You've Diligently Protected Your Skin Your Whole Life, So Why Are You Scheduled For Skin Cancer Surgery?
Have you been diagnosed with skin cancer and are awaiting skin cancer surgery? Have you been diligent in your efforts to protect your skin, and wondering how on Earth this could have happened to you? If so, read on to learn about 4 things that might have contributed to your illness.
You've Been Using Sunscreen Incorrectly
Using sunscreen diligently doesn't mean just slathering it on before you hit the beach; you have to make its application part of your daily routine. Don't feel alone, though. When the Consumer Reports National research Center conducted a poll, they found out that 39% of Americans didn't use sunscreen at all, and 69% of them used it occasionally. Add those numbers together and it's 100%, which means that nobody in this country is using sunscreen as they should.
Besides applying sunscreen every day you leave your house, you should be using about 1 ounce of it at a time. You should apply it 30 minutes prior to actual sun exposure, and you should always check the container's expiration date prior to purchase (you never know how long it's been sitting on the store shelf). Going forward after your surgery, follow these guidelines and help spread the word about how to use sunscreen correctly.
Exposure Occurred When You Were Too Young To Remember
It's a common misconception that it takes years of sun exposure to develop skin cancer. While the onsets of some skin cancers are slow and gradual, melanoma (the most dangerous form) is most closely associated with periods of short, intense sun exposure.
Even if you've applied sunscreen diligently for as long as you can remember, a single sunburn you had when you were a toddler, or a single spring break trip you took as a struggling college student who couldn't afford sunscreen could have been enough exposure to trigger the cancer you're facing now.
The Sun Isn't The Culprit
There is also a chance that your skin cancer was triggered by something other than sun exposure. Arsenic is a known risk, and you're probably exposed to it on a daily basis. There are trace amounts of this chemical in treated lumber, some pesticides, and manufactured glass. It's also found in preservatives in many common foods, including seafood, poultry, rice, and bread. In some rural parts of America, arsenic is even found in drinking water supplies.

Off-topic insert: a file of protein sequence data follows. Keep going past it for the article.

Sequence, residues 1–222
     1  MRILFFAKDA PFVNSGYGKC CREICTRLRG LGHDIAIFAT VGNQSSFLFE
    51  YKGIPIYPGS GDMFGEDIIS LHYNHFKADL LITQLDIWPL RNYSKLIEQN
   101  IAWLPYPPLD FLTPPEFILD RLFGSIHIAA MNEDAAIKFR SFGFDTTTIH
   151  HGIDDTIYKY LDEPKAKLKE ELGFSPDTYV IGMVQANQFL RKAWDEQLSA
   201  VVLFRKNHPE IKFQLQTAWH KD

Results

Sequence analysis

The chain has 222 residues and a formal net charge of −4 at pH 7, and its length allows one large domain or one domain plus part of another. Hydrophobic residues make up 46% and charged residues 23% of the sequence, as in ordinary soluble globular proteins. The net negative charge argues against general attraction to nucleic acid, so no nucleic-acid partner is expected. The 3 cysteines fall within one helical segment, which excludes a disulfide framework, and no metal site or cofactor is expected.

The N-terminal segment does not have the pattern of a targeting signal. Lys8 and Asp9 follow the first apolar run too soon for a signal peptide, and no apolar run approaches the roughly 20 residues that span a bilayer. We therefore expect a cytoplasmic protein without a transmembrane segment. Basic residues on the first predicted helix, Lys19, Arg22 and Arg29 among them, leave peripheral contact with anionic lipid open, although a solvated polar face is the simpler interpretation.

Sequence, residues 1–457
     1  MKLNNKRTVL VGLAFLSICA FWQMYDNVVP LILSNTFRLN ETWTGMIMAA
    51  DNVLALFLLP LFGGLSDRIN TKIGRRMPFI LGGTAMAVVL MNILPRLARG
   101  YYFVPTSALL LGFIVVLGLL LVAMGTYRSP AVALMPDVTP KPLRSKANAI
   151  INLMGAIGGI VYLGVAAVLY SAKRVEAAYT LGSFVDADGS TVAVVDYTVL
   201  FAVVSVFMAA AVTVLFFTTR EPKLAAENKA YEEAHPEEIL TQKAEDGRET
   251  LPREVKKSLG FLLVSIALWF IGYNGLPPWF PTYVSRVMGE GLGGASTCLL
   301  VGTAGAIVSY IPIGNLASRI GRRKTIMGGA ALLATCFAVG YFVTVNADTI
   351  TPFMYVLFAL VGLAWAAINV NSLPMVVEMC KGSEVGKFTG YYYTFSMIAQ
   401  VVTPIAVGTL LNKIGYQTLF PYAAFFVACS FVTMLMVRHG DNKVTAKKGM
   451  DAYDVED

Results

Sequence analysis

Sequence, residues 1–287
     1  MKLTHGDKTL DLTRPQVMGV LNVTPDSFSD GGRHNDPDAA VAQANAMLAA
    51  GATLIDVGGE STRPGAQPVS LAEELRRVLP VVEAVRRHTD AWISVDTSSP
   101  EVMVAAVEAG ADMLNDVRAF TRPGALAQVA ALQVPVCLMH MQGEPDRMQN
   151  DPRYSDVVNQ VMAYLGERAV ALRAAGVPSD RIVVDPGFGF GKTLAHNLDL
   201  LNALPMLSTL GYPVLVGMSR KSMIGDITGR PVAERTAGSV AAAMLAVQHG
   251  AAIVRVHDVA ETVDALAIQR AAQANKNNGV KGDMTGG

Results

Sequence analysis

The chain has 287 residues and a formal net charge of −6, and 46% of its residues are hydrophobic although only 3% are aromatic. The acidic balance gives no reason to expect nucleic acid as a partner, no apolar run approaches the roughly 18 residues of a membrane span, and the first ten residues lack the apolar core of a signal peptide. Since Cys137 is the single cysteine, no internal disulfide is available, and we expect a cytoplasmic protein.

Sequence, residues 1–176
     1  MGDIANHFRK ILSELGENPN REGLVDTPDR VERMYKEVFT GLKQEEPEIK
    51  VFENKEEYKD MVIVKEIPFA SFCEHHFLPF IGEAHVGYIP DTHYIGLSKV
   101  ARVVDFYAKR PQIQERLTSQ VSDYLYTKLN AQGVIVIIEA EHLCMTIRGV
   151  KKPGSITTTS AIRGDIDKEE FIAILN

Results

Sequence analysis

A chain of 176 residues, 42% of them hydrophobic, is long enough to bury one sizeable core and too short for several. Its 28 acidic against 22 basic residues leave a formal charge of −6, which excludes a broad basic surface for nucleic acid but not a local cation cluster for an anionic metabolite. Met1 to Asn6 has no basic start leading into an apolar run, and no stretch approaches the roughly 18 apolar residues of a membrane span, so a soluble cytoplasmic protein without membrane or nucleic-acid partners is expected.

Coal, soot, industrial tar, asphalt, and paraffin waxes are among the many other substances known to contain chemicals that raise your risk of developing skin cancer.
You Have A Predisposition Or Weakened Immune System
Your condition may be related to causes beyond your control. If you have fair skin, blonde or red hair, or blue or green eyes, you automatically are more at risk for developing skin cancer than those with darker complexions and/or hair and eye colors.
You're also more at risk if anybody in your immediate family has faced skin cancer in the past, or if you have any medical condition that weakens your immune system.
Certain medical procedures can also increase your risk. X-rays, for example expose your body to radiation. While your risk goes up with long-term, frequent exposure, most scientists believe that even a small amount of X-ray exposure somewhat increases your risk of developing cancer.
And, if you've had an organ transplant in the past, it's highly likely that the surgery contributed to your developing skin cancer. Since you were administered drugs to suppress your immune system at the time, your risk of developing squamous cell carcinoma skyrocketed to between 65 and 250 times that of person who has not received a donor organ. At the time of your organ transplant, your risk of developing melanoma also rose to 6 to 8 times that of a person who has not received a donor organ.
Sometimes, it's impossible to pinpoint the cause of your skin cancer. What's important to remember, is that your prognosis largely depends on the promptness of your treatment. After your surgery, stay diligent with the correct techniques for applying sunscreen, and visit your dermatologist regularly to catch any recurrence in its early stages of development.